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Dixie opposed DADT repeal

By Hastings Wyman
Southern Political Report

December 28, 2010

Following the South’s long tradition of lagging behind the nation in supporting social change, be it civil rights for African Americans or equality for women, Dixie’s lawmakers in Congress formed a strong “anti-“ bloc opposing repeal of the Pentagon’s “Don’t Ask, Don’t Tell” (DADT) policy that banned openly gay men and women from serving in the military.

The final vote in the Senate on December 18 sent the repeal measure to the President’s desk for his signature and is now law. The Senate roll call vote was a comfortable 66 for the bill to 31 against. Voting for the bill were 57 Democrats and 8 Republicans; voting against were 31 Republicans. All of the Southern Senators voted along party lines, except US Sen. Richard Burr (R-NC), who voted for repeal.

In the House, nearly half – 92 of the 194 – votes against repeal were cast by Southern representatives. Most of Dixie’s anti’s were Republicans – 73, along with 17 Southern Democrats. Conversely, only 43 of the 234 yea votes were from the South – 40 Dixie Democrats and a mere 3 Republicans.

There were some Southern exceptions to the region’s majority opposition to DADT repeal. The biggest surprise was North Carolina’s US Sen. Richard Burr, whose conservative voting record (92 percent conservative, says the National Journal) belies this departure from GOP orthodoxy. In a statement released by Burr after his vote for repeal (though not against the cloture motion which allowed the vote), the North Carolina Republican said “Given the generational transition that has taken place in our nation, I feel that this policy is outdated and repeal is inevitable.” He did say he thought the timing – during a war – was wrong, thus he had voted earlier to invoke cloture.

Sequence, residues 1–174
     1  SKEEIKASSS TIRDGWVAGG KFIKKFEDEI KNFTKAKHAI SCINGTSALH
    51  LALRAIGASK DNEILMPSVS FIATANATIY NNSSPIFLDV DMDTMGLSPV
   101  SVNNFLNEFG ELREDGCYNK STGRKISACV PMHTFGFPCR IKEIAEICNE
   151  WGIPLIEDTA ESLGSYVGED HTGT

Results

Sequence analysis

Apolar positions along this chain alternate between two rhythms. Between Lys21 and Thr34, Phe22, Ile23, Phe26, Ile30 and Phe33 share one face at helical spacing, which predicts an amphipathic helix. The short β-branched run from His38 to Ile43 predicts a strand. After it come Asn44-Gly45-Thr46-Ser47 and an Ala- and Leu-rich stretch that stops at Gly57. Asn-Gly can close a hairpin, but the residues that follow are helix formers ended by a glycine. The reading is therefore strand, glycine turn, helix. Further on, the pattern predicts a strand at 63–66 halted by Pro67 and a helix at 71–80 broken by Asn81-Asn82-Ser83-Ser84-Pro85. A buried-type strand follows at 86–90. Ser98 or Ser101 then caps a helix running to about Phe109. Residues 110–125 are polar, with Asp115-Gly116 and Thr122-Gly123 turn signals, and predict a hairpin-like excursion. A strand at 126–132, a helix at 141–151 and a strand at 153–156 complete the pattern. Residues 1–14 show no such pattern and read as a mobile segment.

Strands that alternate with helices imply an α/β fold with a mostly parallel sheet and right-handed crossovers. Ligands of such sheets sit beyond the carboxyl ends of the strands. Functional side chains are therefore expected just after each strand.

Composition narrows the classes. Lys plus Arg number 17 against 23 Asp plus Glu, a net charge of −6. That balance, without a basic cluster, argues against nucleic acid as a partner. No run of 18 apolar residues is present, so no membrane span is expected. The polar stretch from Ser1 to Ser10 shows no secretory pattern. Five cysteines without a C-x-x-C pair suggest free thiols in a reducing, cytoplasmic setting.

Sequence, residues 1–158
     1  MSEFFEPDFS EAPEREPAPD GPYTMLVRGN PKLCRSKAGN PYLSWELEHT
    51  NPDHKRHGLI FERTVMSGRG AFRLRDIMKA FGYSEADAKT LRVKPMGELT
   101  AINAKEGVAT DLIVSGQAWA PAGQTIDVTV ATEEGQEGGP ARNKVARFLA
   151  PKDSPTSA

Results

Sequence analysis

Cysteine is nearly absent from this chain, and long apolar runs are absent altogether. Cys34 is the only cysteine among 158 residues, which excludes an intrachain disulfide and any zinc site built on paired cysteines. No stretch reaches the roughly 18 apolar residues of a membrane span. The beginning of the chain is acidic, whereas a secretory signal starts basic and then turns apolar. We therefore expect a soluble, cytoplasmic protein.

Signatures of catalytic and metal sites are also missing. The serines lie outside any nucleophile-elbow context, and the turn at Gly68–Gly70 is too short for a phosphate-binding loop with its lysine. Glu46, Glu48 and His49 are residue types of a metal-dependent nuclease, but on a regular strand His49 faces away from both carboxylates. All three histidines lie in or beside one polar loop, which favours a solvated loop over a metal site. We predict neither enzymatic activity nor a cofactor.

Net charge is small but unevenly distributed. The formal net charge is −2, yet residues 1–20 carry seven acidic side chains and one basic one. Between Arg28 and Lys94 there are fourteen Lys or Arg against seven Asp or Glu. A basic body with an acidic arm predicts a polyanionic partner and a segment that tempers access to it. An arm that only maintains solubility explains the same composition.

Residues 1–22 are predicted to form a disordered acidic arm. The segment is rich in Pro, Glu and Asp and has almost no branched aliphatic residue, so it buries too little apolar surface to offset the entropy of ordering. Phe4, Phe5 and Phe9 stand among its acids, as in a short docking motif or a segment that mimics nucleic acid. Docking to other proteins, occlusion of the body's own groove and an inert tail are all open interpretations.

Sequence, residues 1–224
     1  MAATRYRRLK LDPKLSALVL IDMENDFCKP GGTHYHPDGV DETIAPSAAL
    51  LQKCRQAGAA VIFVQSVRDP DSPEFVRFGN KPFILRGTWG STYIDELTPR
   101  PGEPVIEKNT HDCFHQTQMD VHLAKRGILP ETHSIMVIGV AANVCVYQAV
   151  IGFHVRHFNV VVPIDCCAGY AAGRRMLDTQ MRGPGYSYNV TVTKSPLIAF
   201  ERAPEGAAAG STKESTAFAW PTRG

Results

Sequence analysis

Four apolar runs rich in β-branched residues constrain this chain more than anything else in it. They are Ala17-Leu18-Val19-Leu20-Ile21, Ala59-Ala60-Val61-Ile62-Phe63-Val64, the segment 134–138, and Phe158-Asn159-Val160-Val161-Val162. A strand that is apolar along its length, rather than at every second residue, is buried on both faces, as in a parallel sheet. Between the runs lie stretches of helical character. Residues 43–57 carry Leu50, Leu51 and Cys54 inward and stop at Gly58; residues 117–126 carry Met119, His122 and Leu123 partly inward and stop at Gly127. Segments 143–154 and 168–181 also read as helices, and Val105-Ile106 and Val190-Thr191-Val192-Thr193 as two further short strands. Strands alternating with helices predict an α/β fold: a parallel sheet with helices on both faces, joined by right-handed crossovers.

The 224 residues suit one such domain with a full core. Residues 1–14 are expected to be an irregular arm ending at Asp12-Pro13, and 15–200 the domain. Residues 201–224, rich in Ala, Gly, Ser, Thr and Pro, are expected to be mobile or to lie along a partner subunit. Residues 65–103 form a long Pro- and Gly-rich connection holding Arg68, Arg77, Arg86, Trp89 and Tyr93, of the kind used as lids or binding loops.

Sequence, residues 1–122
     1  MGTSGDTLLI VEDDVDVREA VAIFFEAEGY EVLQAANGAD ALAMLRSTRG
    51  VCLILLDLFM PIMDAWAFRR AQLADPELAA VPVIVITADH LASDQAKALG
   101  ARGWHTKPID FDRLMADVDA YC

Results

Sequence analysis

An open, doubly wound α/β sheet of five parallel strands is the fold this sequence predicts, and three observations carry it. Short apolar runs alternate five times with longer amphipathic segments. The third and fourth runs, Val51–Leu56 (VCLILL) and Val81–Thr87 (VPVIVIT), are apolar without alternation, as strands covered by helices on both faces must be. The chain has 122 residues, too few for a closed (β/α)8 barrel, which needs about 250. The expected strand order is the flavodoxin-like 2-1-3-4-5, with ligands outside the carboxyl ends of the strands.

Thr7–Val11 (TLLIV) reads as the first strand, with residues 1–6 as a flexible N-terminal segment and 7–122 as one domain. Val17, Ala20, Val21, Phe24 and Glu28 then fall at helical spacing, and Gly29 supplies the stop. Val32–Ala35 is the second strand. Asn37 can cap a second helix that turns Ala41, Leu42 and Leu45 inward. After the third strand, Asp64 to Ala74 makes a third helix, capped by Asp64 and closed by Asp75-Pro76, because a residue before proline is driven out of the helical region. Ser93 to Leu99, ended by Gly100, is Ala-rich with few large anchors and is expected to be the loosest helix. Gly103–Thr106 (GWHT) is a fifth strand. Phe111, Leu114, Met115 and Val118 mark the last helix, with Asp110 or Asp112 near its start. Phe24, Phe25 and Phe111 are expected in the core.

Burr quickly came under fire from social conservatives. In an open letter to Burr issued by the Raleigh-based Christian Action League of North Carolina, the Rev. Mark Creech wrote, “We are feeling horribly betrayed,” arguing that “Homosexuality remains contrary to nature.”

The three House Republicans who voted for repeal were libertarian maverick Ron Paul (TX), Joseph Cao (LA), who – though he lost in November – represents New Orleans, which has a significant gay population; and Ileana Ros-Lehtinen (FL), who represents the Miami area, which has a politically active gay minority.

Dixie’s Democrats, though more conservative than their non-Southern counterparts, still stuck with their party’s liberal base, which includes a significant number of gay voters, and voted for repeal. Not a single Southern Democratic senator voted against repeal, including Virginia’s Jim Webb, a former Secretary of the Navy, who had earlier expressed reservations about gays serving openly in the military.

In the House, the Southern Democratic bloc voted for repeal by 40 to 17. All of the South’s Black Caucus votes were for repeal, with the exception of Sanford Bishop (D-GA), who narrowly escaped defeat (51 percent to 49 percent) by a conservative Republican in November. White Southern Democratic House members voted 27 for repeal to 16 to keep DADT. Among the 16 Southern Democrats opposing repeal was US Rep. Heath Shuler (D-NC), who ran unsuccessfully as a moderate alternative against House Speaker Nancy Pelosi (D-CA) for the post of House Majority Leader in the 112th Congress.



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